Remember in Harry Potter and the Sorcerer’s Stone, when Ollivander describes the capabilities of Voldemort? “I think we must expect great things from you, Mr. Potter… After all, He-Who-Must-Not-Be-Named did great things — terrible, yes, but great.” Terrible… but great. No three words could better sum up the latest installment of Marvel’s What if.
At the beginning of the episode, the viewer may have imagined a hypothetical reality where Eric Killmonger, the charismatic villain from Marvel’s Black Panther, might have had a different outcome. Perhaps on the outside of his own reality and personal, familiar hardships, an unlikely mentorship could develop between Killmonger and Tony Stark. As the episode points out, Stark and Killmonger do have some commonalities.
But alas, twas not to be.
Tony Stark needed the lessons he learned in the cave to become the astute and discerning man we grew to love. He needed to learn fear and betrayal to become a hero. Without them, all that’s left is, to quote the man himself, “genius, billionaire, philanthropist, playboy.” And none of those things prepare him for the dark mastermind that is Eric Killmonger.
Audiences saw what Killmonger was capable of in Black Panther, but this episode shows even more of his cold-hearted sense of justice, his masterful ability to manipulate the power-hungry desires of megalomaniacs in control. His willingness to sacrifice anything and anyone in pursuit of his own power.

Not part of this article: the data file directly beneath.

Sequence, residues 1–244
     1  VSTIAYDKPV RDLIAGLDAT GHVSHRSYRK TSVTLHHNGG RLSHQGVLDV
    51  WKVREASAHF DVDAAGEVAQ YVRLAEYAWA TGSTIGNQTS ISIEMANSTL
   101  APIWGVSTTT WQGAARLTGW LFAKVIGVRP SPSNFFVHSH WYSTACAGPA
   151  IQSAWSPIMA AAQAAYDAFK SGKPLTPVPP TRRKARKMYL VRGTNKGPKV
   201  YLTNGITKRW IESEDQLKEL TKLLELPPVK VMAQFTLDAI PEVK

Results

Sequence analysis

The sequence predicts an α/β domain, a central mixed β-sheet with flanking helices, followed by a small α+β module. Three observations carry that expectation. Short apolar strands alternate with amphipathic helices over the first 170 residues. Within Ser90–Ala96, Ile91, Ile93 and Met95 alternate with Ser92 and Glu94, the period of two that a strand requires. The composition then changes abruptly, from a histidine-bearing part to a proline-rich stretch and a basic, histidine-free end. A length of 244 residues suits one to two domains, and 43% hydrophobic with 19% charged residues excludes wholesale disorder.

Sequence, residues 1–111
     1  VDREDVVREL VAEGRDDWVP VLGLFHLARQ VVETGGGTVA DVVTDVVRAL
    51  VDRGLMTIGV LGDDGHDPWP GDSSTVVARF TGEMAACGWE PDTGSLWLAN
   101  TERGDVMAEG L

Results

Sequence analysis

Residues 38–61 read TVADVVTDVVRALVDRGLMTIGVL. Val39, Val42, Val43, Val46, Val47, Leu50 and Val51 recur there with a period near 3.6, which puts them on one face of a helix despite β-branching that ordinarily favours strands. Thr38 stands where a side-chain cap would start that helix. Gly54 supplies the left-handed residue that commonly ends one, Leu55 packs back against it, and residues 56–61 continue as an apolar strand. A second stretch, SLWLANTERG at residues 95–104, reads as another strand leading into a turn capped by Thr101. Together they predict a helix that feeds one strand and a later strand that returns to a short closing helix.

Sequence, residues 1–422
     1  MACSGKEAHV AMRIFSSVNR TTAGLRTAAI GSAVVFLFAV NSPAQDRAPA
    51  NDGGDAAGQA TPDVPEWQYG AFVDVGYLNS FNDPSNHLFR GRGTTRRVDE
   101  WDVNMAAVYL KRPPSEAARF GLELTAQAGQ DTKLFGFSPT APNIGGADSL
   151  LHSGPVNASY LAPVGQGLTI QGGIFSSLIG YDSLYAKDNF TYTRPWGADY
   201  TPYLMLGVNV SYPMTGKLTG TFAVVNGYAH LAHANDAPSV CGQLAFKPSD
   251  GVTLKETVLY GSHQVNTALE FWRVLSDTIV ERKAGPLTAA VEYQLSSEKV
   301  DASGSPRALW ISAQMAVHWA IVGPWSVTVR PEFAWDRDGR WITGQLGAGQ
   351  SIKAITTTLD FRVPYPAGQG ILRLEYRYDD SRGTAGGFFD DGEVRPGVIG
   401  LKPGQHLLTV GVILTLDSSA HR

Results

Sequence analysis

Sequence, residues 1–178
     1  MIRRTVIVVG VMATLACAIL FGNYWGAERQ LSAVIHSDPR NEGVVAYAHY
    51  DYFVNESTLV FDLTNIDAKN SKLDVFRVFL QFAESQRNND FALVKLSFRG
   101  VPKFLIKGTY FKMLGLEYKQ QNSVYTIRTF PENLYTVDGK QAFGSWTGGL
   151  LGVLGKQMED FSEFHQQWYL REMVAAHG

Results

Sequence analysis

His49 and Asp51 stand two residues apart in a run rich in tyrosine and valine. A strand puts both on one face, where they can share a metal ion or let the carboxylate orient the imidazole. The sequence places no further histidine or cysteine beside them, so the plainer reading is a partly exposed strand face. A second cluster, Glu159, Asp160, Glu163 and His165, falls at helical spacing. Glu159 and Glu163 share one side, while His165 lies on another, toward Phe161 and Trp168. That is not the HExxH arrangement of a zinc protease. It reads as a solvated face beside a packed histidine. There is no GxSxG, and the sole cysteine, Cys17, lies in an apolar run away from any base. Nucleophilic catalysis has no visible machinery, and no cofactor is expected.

If you were hoping for something like redemption for Killmonger in this show (we kinda were) you, too, were disappointed.
The episode was entertaining and cerebral, not unlike its Iron Man paradigm, but it did lack the heart and passion that Black Panther had in droves. This is made all the more apparent after Tony Stark’s departure. Killmonger continues his machinations, but it just has no real bite to it anymore (forgive the Black Panther pun).
Hopefully, the remaining episodes of this show’s inaugural season will find the sweet spot: preserving the emotional integrity of the source material while exploring the boundaries of the original narratives.
In the meantime, we can at least appreciate, even across the multiverse, what things Eric Killmonger is capable of. “Terrible, yes, but great.”